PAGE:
Classification: Histone Deacetylase Inhibitor
About: Belinostat (Beleodaq®)
Belinostat is in a class of anti-cancer therapies called histone deacetylase (HDAC) inhibitors. Histone deacetylation is a biochemical process that is thought to play a role in promoting tumor growth. It does this by silencing some tumor suppressor genes, as well as other genes that are responsible for cell cycle progression, cell proliferation, programmed cell death (apoptosis), and differentiation (transformation of young cells into specialized cells). Therefore, blocking histone deacetylation may allow the body to block tumor growth and prevent progression.
How to Take Belinostat
Belinostat is given by intravenous (IV) infusion over 30 minutes. It is given on days 1-5 of a 21 day cycle. The dose is based on your weight and may be reduced if you are having severe side effects.
Possible Side Effects of Belinostat
There are a number of things you can do to manage the side effects of belinostat. Talk to your care team about these recommendations. They can help you decide what will work best for you. These are some of the most common or important side effects:
Low White Blood Cell Count (Leukopenia or Neutropenia)
White blood cells (WBC) are important for fighting infection. While receiving treatment, your WBC count can drop, putting you at a higher risk of getting an infection. You should let your doctor or nurse know right away if you have a fever (temperature greater than 100.4), sore throat or cold, shortness of breath, cough, burning with urination, or a sore that doesn't heal.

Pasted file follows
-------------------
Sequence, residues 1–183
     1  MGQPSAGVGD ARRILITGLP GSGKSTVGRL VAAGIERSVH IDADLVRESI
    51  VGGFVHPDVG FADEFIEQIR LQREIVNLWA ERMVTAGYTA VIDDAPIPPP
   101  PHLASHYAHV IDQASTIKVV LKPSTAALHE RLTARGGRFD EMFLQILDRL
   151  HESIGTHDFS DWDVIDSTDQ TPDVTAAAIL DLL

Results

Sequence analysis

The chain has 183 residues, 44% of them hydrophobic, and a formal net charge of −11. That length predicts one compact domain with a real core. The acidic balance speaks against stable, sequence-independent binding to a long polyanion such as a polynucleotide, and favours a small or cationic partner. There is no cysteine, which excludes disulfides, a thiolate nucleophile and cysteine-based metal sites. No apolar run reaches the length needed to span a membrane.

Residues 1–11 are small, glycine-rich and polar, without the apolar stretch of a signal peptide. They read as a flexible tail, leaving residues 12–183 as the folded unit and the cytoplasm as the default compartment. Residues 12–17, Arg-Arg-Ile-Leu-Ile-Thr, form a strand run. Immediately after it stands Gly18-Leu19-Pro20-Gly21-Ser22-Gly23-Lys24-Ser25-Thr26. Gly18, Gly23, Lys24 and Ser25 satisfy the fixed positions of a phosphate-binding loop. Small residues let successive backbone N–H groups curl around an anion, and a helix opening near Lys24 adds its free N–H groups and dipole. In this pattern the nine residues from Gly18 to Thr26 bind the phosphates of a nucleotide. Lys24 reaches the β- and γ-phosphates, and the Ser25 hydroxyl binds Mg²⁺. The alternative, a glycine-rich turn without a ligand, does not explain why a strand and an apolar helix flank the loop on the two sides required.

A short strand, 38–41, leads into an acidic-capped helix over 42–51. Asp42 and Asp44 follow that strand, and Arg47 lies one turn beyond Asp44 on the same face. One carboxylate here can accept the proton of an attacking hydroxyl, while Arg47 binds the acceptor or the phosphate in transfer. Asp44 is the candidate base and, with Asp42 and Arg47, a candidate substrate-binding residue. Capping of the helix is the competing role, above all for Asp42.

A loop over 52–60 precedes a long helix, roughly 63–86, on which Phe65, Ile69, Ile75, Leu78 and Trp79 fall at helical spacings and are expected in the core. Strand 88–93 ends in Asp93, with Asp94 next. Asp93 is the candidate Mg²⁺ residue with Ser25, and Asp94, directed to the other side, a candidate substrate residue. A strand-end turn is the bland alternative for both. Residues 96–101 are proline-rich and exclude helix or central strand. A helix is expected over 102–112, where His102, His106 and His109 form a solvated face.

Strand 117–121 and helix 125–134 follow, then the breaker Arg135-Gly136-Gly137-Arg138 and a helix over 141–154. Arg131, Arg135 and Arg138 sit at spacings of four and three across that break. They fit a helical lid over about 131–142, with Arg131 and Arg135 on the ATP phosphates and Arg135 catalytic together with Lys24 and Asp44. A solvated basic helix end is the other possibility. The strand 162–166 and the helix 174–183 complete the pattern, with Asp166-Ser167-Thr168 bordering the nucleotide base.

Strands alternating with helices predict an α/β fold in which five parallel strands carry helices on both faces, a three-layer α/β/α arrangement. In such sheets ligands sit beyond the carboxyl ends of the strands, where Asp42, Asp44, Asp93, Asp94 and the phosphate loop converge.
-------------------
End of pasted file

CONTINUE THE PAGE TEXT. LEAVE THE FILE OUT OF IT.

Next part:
Tips to preventing infection:
- Washing hands, both yours and your visitors, is the best way to prevent the spread of infection.
- Avoid large crowds and people who are sick (i.e.: those who have a cold, fever or cough or live with someone with these symptoms).
- When working in your yard, wear protective clothing including long pants and gloves.
- Do not handle pet waste.
- Keep all cuts or scratches clean.
- Shower or bath daily and perform frequent mouth care.
- Do not cut cuticles or ingrown nails. You may wear nail polish, but not fake nails.
- Ask your oncology care team before scheduling dental appointments or procedures.
- Ask your oncology care team before you, or someone you live with, has any vaccinations.
Low Red Blood Cell Count (Anemia)
Your red blood cells are responsible for carrying oxygen to the tissues in your body. When the red cell count is low, you may feel tired or weak. You should let your oncology care team know if you experience any shortness of breath, difficulty breathing or pain in your chest. If the count gets too low, you may receive a blood transfusion.
Low Platelet Count (Thrombocytopenia)
Platelets help your blood clot, so when the count is low you are at a higher risk of bleeding. Let your oncology care team know if you have any excess bruising or bleeding, including nose bleeds, bleeding gums or blood in your urine or stool. If the platelet count becomes too low, you may receive a transfusion of platelets.
- Do not use a razor (an electric razor is fine).
- Avoid contact sports and activities that can result in injury or bleeding.
- Do not take aspirin (salicylic acid), non-steroidal, anti-inflammatory medications (NSAIDs) such as Motrin/Advil (ibuprofen), Aleve (naproxen), Celebrex (celecoxib) etc. as these can all increase the risk of bleeding. Please consult with your healthcare team regarding use of these agents and all over the counter medications/supplements while on therapy.
- Do not floss or use toothpicks and use a soft-bristle toothbrush to brush your teeth.